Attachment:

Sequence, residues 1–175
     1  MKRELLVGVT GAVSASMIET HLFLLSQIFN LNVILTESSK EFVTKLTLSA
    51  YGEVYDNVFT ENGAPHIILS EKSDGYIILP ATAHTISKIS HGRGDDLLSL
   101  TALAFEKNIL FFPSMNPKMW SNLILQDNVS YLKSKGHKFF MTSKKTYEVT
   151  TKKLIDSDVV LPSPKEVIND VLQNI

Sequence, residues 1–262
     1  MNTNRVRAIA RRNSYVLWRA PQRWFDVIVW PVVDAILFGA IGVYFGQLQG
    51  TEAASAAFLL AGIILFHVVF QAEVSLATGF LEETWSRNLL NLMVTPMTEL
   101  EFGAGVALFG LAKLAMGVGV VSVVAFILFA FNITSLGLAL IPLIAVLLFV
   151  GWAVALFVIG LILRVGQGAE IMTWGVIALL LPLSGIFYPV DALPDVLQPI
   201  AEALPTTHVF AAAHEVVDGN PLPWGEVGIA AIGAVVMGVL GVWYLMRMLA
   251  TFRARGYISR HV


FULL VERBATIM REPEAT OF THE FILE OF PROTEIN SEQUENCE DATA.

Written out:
Sequence, residues 1–175
     1  MKRELLVGVT GAVSASMIET HLFLLSQIFN LNVILTESSK EFVTKLTLSA
    51  YGEVYDNVFT ENGAPHIILS EKSDGYIILP ATAHTISKIS HGRGDDLLSL
   101  TALAFEKNIL FFPSMNPKMW SNLILQDNVS YLKSKGHKFF MTSKKTYEVT
   151  TKKLIDSDVV LPSPKEVIND VLQNI

Sequence, residues 1–262
     1  MNTNRVRAIA RRNSYVLWRA PQRWFDVIVW PVVDAILFGA IGVYFGQLQG
    51  TEAASAAFLL AGIILFHVVF QAEVSLATGF LEETWSRNLL NLMVTPMTEL
   101  EFGAGVALFG LAKLAMGVGV VSVVAFILFA FNITSLGLAL IPLIAVLLFV
   151  GWAVALFVIG LILRVGQGAE IMTWGVIALL LPLSGIFYPV DALPDVLQPI
   201  AEALPTTHVF AAAHEVVDGN PLPWGEVGIA AIGAVVMGVL GVWYLMRMLA
   251  TFRARGYISR HV